We’ve all heard the cliche that the world of electronic things is “going digital,” but what does that mean? If it’s “going digital,” where is it coming from? What it’s coming from is analog. You may be familiar with the word “analogy” meaning to explain something by comparing it to something more familiar. Analog represents the real world directly. It is continuous and interpolated. We all learned at an early age to read a clock, which is an analog timepiece fashioned after a sundial. The hour hand moves continuously around the face of the clock twice as fast as the sun moves across the sky, and we interpret the position of the hands to tell us the time of day. A phonograph record (remember those?) has a groove on each side (yes, it’s all one long spiral groove) shaped like the recorded sound. The stylus wiggles back and forth in the groove, and it’s attached to a small magnet and coil that puts out a small electric signal that is, again, shaped just like the sound. This signal gets strengthened and sent to the speakers.

Digital, on the other hand, is just numbers. A digital clock represents the time with a discreet number that we read directly. A CD or DVD doesn’t have a groove like a phonograph, it has small pits that represent numbers. These numbers are read by a little computer called a CD player, which converts those numbers to a signal just like the one that comes from the phonograph stylus. Our television broadcasts are going through a similar transition.

So why do this? What’s the advantage? Analog signals need to be shaped very precisely to represent the sound or the image they will reproduce.  They’re very sensitive to distortions and interference. Digital signals, in which numbers are represented by either one or zero, on or off, are more robust and less sensitive. It’s easy to round 1/3 down to zero and 2/3 up to one. In most cases, digital signals either work or they don’t. It’s rare for them to almost work. Also, it’s possible to make them even more robust by adding error-correcting codes that the receiving computer can use to tell that something has gone wrong and, in some cases, fix the problem. Many portable CD players have a switch turns this feature on and off. It lets you listen even though you’re jogging, but drains the battery faster.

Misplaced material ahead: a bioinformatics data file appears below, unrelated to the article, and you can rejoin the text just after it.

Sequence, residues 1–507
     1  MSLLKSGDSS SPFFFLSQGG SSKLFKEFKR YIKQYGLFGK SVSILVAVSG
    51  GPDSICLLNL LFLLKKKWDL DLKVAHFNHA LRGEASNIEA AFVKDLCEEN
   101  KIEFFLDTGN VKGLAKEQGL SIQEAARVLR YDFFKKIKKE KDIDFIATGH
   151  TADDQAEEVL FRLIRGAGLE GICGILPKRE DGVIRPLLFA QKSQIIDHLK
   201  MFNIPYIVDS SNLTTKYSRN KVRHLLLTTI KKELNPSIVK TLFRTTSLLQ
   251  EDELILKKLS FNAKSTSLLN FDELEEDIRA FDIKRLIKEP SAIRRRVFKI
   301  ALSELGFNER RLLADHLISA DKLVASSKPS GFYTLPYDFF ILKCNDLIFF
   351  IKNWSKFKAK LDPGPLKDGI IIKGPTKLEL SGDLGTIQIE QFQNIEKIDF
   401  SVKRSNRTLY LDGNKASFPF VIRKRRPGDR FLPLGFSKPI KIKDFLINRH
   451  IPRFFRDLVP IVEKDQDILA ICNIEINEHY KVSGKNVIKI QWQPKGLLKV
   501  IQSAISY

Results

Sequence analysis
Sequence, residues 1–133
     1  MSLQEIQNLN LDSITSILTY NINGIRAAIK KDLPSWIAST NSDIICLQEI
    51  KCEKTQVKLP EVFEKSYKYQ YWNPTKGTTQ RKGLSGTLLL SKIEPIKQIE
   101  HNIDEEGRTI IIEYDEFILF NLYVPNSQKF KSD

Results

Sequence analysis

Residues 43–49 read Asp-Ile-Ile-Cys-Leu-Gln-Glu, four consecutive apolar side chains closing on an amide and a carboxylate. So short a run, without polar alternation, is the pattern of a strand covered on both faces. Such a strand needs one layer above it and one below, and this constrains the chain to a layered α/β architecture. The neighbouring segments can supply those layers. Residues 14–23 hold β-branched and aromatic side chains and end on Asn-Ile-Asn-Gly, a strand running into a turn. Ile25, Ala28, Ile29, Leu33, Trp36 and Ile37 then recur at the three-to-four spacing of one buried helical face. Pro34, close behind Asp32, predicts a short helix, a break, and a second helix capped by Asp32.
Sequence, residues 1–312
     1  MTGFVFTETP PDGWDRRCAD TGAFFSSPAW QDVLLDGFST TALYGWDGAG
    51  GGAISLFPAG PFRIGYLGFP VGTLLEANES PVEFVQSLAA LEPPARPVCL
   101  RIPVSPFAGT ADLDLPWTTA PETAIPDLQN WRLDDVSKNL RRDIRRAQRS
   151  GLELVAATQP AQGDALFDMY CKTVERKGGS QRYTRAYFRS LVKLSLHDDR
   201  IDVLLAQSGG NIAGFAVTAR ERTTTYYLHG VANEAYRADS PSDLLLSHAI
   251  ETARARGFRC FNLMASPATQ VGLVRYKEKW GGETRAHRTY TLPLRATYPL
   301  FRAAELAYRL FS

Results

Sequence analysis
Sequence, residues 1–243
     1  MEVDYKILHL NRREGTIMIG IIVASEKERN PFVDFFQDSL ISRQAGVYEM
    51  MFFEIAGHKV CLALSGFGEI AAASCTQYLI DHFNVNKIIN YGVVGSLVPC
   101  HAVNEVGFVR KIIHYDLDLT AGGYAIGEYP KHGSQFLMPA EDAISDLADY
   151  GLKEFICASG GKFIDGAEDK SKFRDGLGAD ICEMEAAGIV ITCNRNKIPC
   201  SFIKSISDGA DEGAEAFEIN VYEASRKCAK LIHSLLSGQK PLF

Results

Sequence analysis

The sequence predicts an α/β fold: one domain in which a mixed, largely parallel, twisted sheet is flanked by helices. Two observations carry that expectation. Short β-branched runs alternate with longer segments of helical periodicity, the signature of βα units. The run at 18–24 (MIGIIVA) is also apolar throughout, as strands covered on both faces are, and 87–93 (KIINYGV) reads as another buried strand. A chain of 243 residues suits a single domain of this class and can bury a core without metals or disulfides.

Another advantage of analog over digital is that almost any analog recording is degraded by the act of playing it back. It is also almost impossible to copy an analog recording perfectly. A copy of a copy of a copy will eventually be useless. Not so with digital; it’s easy to make an exact copy of a number. This is good news if you want to protect your recording by making a backup or move it from CD to PC to MP3 player, but bad if you want to prevent others from making lots of copies of your work.